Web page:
I've seen and listened many good sound artists and musicians playing on the legendary Serge MMS, the analogue modular synthesizer system that its inventor, the brilliant French-born (from Russian composer Aleksandr Nikolayevich Tcherepnin as a father and Chinese pianist Lee Hsen Ming as a mother...what a wonderful blood and cultural mix!!!) composer and electronic-instrument builder Serge Alexandrovich Tcherepnin, developed almost for educational purposes in 1974 at CalArts (California Institute of the Arts), but I rarely spotted the impressive versatility that Dutch electronic performer Thomas Ankersmit shows on this release. Mainly known for some collaborations with important musicians such as minimalist mastermind Phil Niblock, Chicago-based notorious improv musician Kevin Drumm or Irish-American producer Jim O'Rourke, Thomas seems to play hide-and-seek with Black Serge, a recently restored customized variation of Serge Modular, that CalArts made available to his skills in the winter between 2011 and 2012 as listeners could think that "Figueroa Terrace" is just an ostentation of the remarkably wide sonic power of synthesis of this machine while listening the first three minutes of this long-lasting suite, where Thomas moulds many different "real" sounds from a cloud of sonic particles. The quick succession of sonic rendering suddenly turns into leftovers of resounding electrons, which are just the starting line of a really adventurous journey towards a pure waveform by means of awesome oscillations, otoacoustic-like emissions, sudden decays and interruptions, otherworldly sonic entities, fast transitions, piercing frequencies which border on upper and lower thresholds of audibility and other hocus-pocuses. Without a doubt, this is one of the best electronic release that reached my headphones and loudspeakers this year! [Vito Camaretta[

ATTN:Magazine (UK):

Ankersmit’s circuitry is half-broken, covered in moss and sap. Figueroa Terrace does not seek completion and digital assurance within the electronic; rather, it fractures via the haphazard rustles and splinters of nature, taking sudden deviations away from its closed loops into the crackle of dehydrated leaves, gasps of gravel feedback and gentle leaks of white noise gas. Even when its motion feels as eternal and rigid as a newton’s cradle – as in the dark orbs of bass frequency that veer from left to right and back again – the wires feel ready to perish. Sure enough, Figueroa Terrace always seems to spill out of its cycle and into the canvas of infinite happening.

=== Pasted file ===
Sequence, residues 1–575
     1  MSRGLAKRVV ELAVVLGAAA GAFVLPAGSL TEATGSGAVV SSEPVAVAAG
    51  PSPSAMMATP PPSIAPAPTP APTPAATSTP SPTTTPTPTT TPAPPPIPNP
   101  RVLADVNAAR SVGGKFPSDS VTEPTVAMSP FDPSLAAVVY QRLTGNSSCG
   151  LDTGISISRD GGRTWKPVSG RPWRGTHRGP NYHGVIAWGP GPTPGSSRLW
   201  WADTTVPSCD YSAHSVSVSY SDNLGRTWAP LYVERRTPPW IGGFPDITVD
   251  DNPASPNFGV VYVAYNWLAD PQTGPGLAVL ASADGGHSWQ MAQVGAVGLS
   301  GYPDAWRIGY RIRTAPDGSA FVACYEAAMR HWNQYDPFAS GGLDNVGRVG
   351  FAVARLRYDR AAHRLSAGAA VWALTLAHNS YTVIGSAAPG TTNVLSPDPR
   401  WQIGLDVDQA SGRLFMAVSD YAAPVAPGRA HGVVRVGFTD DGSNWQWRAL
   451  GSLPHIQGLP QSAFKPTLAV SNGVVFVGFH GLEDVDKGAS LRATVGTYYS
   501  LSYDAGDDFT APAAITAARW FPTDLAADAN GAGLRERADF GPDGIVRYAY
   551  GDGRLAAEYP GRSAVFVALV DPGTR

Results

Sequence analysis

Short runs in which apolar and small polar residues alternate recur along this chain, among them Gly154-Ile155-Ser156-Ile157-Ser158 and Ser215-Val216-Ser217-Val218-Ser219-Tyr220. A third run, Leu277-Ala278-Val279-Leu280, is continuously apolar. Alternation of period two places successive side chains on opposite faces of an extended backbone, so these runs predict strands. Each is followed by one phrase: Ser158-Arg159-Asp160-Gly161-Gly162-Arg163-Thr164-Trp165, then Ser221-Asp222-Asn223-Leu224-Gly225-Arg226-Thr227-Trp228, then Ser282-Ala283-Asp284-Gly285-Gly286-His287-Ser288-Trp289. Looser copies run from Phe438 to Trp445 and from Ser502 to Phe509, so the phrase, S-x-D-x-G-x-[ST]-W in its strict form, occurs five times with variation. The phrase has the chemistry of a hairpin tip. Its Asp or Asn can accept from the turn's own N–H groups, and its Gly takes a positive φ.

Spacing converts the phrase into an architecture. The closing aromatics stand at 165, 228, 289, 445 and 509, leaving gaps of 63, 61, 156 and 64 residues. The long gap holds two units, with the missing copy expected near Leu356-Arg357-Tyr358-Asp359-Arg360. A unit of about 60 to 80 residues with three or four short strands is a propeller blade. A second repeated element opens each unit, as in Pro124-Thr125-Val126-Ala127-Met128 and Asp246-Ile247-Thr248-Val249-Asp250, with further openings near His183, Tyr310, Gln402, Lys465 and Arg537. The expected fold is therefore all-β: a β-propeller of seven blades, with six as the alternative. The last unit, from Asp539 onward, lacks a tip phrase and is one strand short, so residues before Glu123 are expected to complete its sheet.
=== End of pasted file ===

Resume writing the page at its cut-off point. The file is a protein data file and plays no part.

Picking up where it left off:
The synaesthesia is thick and dizzying. Those chiming strands of high frequency feel influenced by the diagonal drift of deep space lens flare, while the tilted formation of rapid fire beeps and ventilator drones makes me feel physically queasy, sending the blood rushing to the left side of my head and placing my brain at an uncomfortable angle. During the second half I feel as though I’m hurtling through hoops of light between rooms of drastically contrasting shape and colour, as reverse rushes of warm air punctuate sudden environmental shifts; I’m blacking out for hours at a time, knocked out by cyclonic uprisings of wind and warning siren only to awake in a room with just one dangling light bulb, or on a runway full of swooping bats. There’s a sense of being carried backward through Figueroa Terrace, tugged along a narrative that feels so expertly under Ankersmit’s control and so unnervingly beyond my own.

kindamuzik (Netherlands):

Thomas Ankersmit is al ruim een decennium bezig in de wereld van de elektroakoestische muziek, maar hij heeft slechts een paar releases op zijn naam staan. Het live spelen, tussen improvisatie en geplande actie met een duidelijke klemtoon op het eerste, is waar zijn hart ligt. Een en ander leidt ertoe dat Figueroa Terrace nu pas zijn studiodebuut markeert.

Ankersmit speelde eerder ook de saxofoon, die naast elektronica te horen is op zijn spectaculaire Live in Utrecht, maar al geruime tijd gebruikt hij alleen nog de modulaire Serge-synthesizer. Op CalArts werd dat apparaat ontwikkeld en daar staat nog een zwaar aangepaste en onlangs gerestaureerde versie; de 'Black Serge'. Ankersmit werd gevraagd om met dat systeem te werken en hij maakte een ruim halfuur aan quadrofonische compositie, voor release teruggebracht tot een stereo mix.